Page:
pg22-snake
Snakes
Common Water Snake
Queen Snake
Brown (Dekay’s) Snake
Red-bellied Snake
Garter Snake
Ribbon Snake
Earth Snake
Ringneck Snake
Worm Snake
Black Racer
Green Snake
Corn Snake
Gray Rat Snake
Black Kingsnake
Copperhead

Turtles
Snapping Turtle
Stinkpot
Mud Turtle
Box Turtle
Yellow-bellied Turtle
Softshell Turtle
pg23-turtle
Geeks, Croaks, and Gunks
Frogs primarily call when breeding conditions become right, and that time varies with the species. Beginning in late winter and early spring, the high-pitched “peep” of the spring peeper can be heard. At this time or slightly later, the “rink, rink” of the mountain chorus frog and the guttural croaks and clucks of the leopard frog can also be heard. The latter sound is often described as if one were rubbing your hand over a balloon. As spring gets into full swing, several other frogs voice their calls. The green or bronze frog emits a “gunk-gunk” from the stream’s edge, and the Fowler’s toad gives a plaintive “waaaaah.” During the late spring and summer, several other species begin calling. The low-pitched bird-like trills of the gray treefrog can be heard from the trees. Along the creek’s edge can sometimes be heard the “click-click” or “geek-geek” of the cricket frog and the deep “jugo-rum” of the bullfrog. Finally, during the middle of summer, the narrow-mouthed toad’s nasal, sheep-like bleat can sometimes be heard after heavy rains.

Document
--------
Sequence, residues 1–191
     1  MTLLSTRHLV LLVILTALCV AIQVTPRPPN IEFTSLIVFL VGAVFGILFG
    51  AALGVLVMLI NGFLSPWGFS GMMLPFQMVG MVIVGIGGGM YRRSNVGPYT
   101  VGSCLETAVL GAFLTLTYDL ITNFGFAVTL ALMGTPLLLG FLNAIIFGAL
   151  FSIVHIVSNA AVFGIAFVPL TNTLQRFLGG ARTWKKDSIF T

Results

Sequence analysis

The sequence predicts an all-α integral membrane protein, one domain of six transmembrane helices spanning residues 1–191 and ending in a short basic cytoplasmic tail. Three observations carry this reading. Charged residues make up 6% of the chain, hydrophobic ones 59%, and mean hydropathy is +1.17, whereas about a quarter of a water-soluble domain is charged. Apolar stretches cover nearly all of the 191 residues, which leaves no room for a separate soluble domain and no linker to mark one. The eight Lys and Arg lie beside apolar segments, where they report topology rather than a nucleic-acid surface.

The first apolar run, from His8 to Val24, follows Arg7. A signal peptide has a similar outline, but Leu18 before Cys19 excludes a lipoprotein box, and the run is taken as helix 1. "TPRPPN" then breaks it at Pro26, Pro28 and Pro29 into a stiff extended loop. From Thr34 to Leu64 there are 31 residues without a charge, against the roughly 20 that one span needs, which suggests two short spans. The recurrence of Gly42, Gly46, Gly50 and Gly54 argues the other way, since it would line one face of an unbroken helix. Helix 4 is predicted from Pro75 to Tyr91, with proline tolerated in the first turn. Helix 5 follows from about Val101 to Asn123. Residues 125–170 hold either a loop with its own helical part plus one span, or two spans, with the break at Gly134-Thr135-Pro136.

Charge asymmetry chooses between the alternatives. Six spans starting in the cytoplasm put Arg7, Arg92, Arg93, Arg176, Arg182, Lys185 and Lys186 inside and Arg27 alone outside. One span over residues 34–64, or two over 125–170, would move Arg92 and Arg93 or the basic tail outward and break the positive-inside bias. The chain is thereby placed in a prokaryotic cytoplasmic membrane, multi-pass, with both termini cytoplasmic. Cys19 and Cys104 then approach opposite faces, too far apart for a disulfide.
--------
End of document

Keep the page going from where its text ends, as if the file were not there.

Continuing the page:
pg22-lizzard
Lizards
Green Anole
Fence Lizard
Ground Skink
Five-lined Skink
Broad-headed Skink
pg23-salamander
Salamanders
Marbled Salamander
Spotted Salamander
Dusky Salamander
Slimy Salamander
Zigzag Salamander
Red Salamander
Two-lined Salamander
Three-lined Salamander
pg22-toad
Toads and Frogs
Fowler’s Toad
Cricket Frog
Spring Peeper
Gray Treefrog
Chorus Frog
Narrow-mouthed Toad
Bullfrog
Leopard Frog
Green or Bronze Frog

What Are Those Globs of Jelly in that Pool of Water?